Daniel-de-Lorne PhotoYou’re and ex-pat Aussie living over in Canada. What do you do when you’re not being a writer?

Well, there’s the cooking, and the cleaning, and the shopping…just kidding. I don’t clean and I hate shopping. I’m a freelance writer and editor, so that helps bring in some money, which we need as my partner and I have been doing a lot of travelling. So, I spend time planning trips (next we’re off to Salzburg for a week), but otherwise it’s the usual house stuff. Now that the weather is warmer in Toronto, I’m heading out more often to explore the city. I love to explore and perhaps that’s why I like creating imaginary worlds in my books.

Writers are always being given advice to diversify and write in different genres – although this doesn’t work for everyone. Aside from dark paranormal, do you write or have aspirations to write any other genres?

I’ve recently written a book that leans more towards fantasy. It’s not that far from dark paranormal but it’s definitely got a different feel to it. I’ve also got a few ideas for contemporary books, not necessarily romance but there’d be a romantic storyline in it at the least. Really, it comes down to what the idea is about and I worry about the genre later.

You have recently joined the Romance Writers of Australia committee, an organisation primarily run by women for women, mostly because most romance writers are women). Although, we have seen more and more men joining RWA and writing romance in the last few years. What is your experience being a man in a primarily female oriented organisation? Do you think people’s ideas about romance are changing, making joining organisations such as RWA more appealing for more writers? What have the benefits been for you?

I love it. I’m certainly a point of difference within the organisation. I hope attitudes are changing, however, I’ve still come across plenty of people (writers included) who sneer at the romance genre. What I think does help is RWA having a bigger presence and reaching those writers who still feel ashamed about writing romance. What I love most about RWA is its sense of community. Hearing stories of writers who’ve joined and then brought to tears because they’ve finally found their home always make me smile. And for the sneerers? Well, jealousy’s a curse.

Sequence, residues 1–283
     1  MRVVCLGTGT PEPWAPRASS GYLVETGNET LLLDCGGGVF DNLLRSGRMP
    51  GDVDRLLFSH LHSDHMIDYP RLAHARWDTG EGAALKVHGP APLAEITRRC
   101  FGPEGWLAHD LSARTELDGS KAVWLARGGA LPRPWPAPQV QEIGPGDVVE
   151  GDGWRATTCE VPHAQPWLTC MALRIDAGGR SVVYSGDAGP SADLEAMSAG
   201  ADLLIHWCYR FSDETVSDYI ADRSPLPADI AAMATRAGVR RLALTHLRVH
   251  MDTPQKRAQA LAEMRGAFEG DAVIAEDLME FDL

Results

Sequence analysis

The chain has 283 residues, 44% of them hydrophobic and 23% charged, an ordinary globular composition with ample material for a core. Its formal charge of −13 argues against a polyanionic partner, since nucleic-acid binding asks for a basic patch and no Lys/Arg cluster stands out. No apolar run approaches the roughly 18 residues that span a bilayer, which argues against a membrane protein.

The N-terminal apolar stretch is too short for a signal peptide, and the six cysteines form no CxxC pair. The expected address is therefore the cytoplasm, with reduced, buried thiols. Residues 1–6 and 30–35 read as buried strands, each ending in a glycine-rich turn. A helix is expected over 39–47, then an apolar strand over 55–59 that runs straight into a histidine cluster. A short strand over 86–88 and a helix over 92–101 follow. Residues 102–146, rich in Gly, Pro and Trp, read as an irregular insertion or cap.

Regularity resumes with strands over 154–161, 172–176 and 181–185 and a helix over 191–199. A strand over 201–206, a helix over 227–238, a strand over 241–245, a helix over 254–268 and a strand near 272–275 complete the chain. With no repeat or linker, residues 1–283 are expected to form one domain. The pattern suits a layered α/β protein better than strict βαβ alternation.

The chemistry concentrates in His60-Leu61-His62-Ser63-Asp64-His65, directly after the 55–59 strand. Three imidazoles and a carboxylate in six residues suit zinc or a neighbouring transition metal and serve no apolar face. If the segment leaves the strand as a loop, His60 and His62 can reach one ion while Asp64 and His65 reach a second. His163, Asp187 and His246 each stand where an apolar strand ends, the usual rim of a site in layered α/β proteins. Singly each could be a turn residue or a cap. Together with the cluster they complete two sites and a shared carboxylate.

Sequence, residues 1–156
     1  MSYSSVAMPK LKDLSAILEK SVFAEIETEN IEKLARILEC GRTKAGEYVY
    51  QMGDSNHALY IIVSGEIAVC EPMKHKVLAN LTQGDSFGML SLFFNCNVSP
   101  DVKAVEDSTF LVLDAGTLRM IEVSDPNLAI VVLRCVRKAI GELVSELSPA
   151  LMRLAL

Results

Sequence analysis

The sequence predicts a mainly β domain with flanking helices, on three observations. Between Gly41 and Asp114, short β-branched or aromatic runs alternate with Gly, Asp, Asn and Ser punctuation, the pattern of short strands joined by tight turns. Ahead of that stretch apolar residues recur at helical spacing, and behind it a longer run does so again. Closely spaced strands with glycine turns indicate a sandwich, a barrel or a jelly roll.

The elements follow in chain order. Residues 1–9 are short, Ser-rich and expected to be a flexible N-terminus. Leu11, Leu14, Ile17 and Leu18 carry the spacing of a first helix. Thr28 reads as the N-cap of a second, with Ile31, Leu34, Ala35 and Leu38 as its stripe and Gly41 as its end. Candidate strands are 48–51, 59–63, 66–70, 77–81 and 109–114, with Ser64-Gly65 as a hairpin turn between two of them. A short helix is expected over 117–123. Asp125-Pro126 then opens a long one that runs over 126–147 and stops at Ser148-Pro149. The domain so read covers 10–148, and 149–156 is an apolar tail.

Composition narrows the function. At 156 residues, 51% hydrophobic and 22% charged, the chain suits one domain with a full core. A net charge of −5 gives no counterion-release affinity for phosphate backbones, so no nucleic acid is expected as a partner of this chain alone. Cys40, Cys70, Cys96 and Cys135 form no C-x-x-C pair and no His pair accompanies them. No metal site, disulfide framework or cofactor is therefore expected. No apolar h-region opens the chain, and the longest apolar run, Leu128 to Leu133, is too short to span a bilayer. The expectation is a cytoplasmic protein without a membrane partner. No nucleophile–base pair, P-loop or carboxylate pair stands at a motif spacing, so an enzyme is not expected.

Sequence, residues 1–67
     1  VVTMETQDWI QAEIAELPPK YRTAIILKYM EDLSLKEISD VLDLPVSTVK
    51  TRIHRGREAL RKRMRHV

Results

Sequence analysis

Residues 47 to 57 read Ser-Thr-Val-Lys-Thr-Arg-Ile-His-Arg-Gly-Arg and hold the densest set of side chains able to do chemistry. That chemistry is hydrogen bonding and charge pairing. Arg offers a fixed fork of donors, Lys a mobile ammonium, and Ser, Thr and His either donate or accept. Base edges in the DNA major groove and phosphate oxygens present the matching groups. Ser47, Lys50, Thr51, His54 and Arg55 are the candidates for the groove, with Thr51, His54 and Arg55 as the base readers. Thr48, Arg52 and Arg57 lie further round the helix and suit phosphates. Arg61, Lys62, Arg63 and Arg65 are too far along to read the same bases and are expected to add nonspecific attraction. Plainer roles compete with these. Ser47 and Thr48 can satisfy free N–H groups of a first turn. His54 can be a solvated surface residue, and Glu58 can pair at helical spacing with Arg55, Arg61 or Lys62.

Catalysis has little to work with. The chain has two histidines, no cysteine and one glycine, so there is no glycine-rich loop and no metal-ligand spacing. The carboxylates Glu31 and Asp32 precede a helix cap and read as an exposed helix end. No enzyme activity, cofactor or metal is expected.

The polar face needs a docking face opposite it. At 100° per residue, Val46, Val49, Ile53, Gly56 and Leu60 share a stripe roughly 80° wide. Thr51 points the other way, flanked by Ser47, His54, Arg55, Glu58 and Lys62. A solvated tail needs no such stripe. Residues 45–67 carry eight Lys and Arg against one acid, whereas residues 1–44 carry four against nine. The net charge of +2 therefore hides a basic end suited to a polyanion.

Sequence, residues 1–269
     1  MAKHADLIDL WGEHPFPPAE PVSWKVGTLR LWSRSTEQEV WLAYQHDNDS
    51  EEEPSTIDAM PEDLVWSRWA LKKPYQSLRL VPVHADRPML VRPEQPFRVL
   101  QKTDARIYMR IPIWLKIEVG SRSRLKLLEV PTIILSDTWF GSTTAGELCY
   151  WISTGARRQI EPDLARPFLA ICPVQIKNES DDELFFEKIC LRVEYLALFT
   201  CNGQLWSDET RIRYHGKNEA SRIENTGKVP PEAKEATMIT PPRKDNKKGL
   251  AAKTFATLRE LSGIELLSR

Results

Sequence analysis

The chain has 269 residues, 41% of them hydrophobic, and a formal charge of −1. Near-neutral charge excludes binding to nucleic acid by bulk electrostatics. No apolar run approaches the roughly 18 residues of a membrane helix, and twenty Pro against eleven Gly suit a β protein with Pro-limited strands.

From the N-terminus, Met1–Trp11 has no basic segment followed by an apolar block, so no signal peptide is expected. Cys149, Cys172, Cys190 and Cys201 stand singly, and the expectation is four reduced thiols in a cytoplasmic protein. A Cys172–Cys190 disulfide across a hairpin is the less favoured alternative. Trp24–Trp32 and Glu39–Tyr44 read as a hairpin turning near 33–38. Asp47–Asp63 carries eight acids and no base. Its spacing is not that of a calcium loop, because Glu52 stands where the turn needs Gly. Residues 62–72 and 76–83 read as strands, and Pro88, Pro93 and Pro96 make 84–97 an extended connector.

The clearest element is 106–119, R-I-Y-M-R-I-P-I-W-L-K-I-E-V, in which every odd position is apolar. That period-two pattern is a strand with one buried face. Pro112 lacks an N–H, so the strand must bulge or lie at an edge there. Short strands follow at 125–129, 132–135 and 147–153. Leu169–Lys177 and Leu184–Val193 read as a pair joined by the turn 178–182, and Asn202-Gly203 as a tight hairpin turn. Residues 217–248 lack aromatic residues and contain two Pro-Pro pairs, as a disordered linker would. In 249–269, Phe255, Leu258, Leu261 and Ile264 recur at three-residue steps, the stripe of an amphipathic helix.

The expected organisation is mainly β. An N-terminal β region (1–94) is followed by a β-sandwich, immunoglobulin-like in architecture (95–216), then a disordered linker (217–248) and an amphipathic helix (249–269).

What’s Daniel De Lorne’s pet peeve? What’s your favourite thing?

In the writing world, my pet peeve is the snobbishness from writers who don’t write in the romance genre and readers who don’t read in the romance genre. I was in a short story workshop once and the romance genre bashing was pretty free and easy. THAT made my blood boil. Next time it happens, I’m going to say something.

Favourite thing: that sense of discovery when writing a new story. I don’t plot much so every chapter is a surprise. Even more surprising is when it all comes together with some beautiful (and unconscious) imagery or plot turns.

What’s been the most surprising aspect of your writing career so far? What have you had the most difficulties with? What have you learned the most from?

The most surprising thing is that people like the book. I’ve got a few really good early reviews and that’s quite validating. Similarly, the most difficult thing is the not-so-good reviews. But you get that and just have to deal with it.

What’s up next for you? Any projects on the boil that you’re particularly excited about?

Next I’m working on the sequel to Beckoning Blood. I’ve written one draft but it needs a lot of work to get it to publishable standard. Then there are a couple of others I need to edit. Maybe amongst all that I’ll be able to work on something new. A few characters and scenes have taken root inside my head so I’m keen to get to them.

Thank you so much for being a guest on my blog today, Daniel. It was fun finding out a little bit more about you and your writing. Congratulations once again and good luck with the book.

You can buy Daniel’s novel, Beckoning Blood, from:

Escape Publishing





Author bio:

Daniel de Lorne writes mostly about the loves and trials of hot and sexy paranormal men – and creatures. He grew up in Perth, Western Australia, and developed a fascination for the mythical and magical early on. Daniel wrote stories from a young age but it was high school biology class he remembers fondly as providing an excellent cover for writing stories that were filled with teen angst and fantastical creatures. He now lives in Canada with his partner. It was while in this great northern frontier that Escape Publishing accepted his first book, Beckoning Blood, for publication.

For a free read, introducing you to the “heroes” of Daniel’s book, head to his website at